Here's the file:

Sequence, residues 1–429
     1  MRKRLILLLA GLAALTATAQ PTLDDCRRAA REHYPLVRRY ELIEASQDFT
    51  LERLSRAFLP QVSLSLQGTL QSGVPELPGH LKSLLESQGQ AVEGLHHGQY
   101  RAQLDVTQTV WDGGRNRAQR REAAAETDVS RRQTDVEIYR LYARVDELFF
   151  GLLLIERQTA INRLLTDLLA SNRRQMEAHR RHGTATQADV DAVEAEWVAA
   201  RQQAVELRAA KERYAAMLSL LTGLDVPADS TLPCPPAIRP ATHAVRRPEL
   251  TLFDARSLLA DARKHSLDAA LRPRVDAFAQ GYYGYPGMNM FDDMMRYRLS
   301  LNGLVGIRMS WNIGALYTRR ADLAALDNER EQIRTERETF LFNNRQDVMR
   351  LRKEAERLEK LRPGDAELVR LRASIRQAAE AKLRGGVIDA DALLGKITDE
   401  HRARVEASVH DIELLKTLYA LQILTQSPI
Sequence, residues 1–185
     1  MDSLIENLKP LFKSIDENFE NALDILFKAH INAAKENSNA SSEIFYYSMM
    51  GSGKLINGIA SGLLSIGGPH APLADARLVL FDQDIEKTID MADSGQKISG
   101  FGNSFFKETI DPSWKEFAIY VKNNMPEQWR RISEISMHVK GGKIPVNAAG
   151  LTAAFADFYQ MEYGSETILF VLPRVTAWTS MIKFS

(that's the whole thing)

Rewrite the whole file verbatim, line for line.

Sequence, residues 1–429
     1  MRKRLILLLA GLAALTATAQ PTLDDCRRAA REHYPLVRRY ELIEASQDFT
    51  LERLSRAFLP QVSLSLQGTL QSGVPELPGH LKSLLESQGQ AVEGLHHGQY
   101  RAQLDVTQTV WDGGRNRAQR REAAAETDVS RRQTDVEIYR LYARVDELFF
   151  GLLLIERQTA INRLLTDLLA SNRRQMEAHR RHGTATQADV DAVEAEWVAA
   201  RQQAVELRAA KERYAAMLSL LTGLDVPADS TLPCPPAIRP ATHAVRRPEL
   251  TLFDARSLLA DARKHSLDAA LRPRVDAFAQ GYYGYPGMNM FDDMMRYRLS
   301  LNGLVGIRMS WNIGALYTRR ADLAALDNER EQIRTERETF LFNNRQDVMR
   351  LRKEAERLEK LRPGDAELVR LRASIRQAAE AKLRGGVIDA DALLGKITDE
   401  HRARVEASVH DIELLKTLYA LQILTQSPI
Sequence, residues 1–185
     1  MDSLIENLKP LFKSIDENFE NALDILFKAH INAAKENSNA SSEIFYYSMM
    51  GSGKLINGIA SGLLSIGGPH APLADARLVL FDQDIEKTID MADSGQKISG
   101  FGNSFFKETI DPSWKEFAIY VKNNMPEQWR RISEISMHVK GGKIPVNAAG
   151  LTAAFADFYQ MEYGSETILF VLPRVTAWTS MIKFS